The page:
New Bone Testing Method Can Help Treatment of Osteoporosis
Posted Feb 22 2011 9:00am
A new method for identifying bones at high risk of fracture, and for monitoring the effectiveness of new bone-strengthening drugs and techniques, has been developed by scientists at the University of Cambridge.
The method uses CT Imaging to accurately measure the thickness of the cortical bone, a key indicator of the risk of fracture.
This work is expected to lead to advances in the treatment and management of osteoporosis.
Osteoporosis results thinning of the cortical bone, so that often the remaining bone is no thicker than an eggshell by the time an individual is in their 80s. This thinning can lead to bones that are so weak that a stumble, trip or fall can lead to a fracture.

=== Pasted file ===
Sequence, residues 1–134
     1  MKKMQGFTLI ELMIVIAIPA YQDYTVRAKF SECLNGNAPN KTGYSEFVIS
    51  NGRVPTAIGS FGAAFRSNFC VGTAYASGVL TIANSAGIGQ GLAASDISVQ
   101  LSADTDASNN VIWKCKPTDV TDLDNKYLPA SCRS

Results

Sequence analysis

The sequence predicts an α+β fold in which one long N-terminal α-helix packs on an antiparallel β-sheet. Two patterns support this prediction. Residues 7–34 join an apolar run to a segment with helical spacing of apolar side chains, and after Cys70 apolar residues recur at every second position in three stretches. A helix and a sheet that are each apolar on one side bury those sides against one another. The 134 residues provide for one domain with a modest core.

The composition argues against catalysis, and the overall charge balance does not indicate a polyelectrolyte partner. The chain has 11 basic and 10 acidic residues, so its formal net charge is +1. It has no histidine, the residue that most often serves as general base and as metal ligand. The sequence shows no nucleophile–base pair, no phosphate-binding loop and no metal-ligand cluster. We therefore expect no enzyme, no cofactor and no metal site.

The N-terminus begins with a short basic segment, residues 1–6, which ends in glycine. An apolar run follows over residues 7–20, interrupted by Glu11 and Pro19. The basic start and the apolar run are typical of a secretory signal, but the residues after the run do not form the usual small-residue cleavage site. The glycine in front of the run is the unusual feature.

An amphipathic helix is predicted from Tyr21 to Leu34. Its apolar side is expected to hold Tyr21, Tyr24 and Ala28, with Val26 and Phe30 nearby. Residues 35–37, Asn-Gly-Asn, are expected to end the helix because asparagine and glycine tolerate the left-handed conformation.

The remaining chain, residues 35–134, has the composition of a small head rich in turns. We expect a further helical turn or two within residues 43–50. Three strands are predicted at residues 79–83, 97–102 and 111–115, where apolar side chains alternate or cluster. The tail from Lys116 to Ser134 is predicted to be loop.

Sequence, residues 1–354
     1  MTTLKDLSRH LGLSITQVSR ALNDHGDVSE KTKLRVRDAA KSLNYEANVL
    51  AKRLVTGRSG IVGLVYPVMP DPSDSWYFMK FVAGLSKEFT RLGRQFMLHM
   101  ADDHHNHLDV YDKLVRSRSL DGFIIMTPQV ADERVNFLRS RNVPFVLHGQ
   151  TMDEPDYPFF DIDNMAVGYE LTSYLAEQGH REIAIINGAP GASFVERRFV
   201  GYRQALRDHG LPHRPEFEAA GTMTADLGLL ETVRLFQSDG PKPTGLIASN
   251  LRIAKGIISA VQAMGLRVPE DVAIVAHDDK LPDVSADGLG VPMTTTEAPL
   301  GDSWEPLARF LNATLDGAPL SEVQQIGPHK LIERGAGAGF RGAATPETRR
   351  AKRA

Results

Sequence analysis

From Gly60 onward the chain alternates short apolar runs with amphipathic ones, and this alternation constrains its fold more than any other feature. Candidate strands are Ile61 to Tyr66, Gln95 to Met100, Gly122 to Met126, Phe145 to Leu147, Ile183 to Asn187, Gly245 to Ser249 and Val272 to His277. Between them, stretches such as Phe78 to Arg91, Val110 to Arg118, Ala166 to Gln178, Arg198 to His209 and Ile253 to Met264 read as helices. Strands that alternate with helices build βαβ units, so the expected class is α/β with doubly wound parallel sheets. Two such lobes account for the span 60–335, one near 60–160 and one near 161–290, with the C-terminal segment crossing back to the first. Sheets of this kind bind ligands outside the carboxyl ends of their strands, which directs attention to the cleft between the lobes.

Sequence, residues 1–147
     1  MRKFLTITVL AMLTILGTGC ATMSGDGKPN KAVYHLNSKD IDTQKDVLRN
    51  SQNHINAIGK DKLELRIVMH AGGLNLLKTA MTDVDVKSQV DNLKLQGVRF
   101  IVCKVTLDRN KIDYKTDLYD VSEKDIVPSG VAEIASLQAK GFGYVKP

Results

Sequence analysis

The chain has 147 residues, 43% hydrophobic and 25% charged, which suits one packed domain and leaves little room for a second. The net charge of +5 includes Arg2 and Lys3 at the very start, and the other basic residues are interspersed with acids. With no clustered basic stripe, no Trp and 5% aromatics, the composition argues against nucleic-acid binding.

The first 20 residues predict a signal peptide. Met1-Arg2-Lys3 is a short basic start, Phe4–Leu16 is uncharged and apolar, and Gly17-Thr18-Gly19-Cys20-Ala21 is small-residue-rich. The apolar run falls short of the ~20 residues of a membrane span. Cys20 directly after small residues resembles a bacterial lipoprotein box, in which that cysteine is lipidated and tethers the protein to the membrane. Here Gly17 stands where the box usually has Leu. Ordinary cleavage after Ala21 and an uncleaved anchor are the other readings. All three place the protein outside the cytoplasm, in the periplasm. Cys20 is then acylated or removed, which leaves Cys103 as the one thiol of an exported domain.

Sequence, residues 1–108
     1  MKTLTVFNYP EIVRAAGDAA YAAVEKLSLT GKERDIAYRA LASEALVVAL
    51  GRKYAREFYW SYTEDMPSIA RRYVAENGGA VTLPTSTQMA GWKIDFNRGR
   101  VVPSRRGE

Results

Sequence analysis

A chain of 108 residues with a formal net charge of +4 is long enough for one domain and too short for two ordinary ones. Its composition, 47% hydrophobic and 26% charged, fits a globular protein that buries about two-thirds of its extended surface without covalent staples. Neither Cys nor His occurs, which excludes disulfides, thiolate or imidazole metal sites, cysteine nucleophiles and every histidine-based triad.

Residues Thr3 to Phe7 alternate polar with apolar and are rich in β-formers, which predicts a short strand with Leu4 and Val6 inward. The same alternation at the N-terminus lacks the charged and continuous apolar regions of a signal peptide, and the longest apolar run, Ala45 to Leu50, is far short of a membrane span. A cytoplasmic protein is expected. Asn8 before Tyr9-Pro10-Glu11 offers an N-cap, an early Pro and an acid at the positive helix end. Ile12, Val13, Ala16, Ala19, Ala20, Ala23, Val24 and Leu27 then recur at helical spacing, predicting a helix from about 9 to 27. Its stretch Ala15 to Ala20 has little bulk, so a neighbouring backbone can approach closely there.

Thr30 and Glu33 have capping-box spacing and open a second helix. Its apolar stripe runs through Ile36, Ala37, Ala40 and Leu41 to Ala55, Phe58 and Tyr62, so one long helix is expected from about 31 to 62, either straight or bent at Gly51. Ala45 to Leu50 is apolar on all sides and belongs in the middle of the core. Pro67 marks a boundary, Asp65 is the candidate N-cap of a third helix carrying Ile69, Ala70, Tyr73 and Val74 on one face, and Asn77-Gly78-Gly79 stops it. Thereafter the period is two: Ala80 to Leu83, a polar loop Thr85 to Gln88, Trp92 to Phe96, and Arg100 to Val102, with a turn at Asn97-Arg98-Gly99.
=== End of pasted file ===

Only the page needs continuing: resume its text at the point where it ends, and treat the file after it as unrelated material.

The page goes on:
Currently, the key technology used to assess a patient's risk of fracture is a bone density test. Utilizing data from a CT scan and a mathematical model of the scanning process, thousands of cortical bone measurements are obtained. This produces 3D thickness maps, which allows the identification of dangerously thin areas.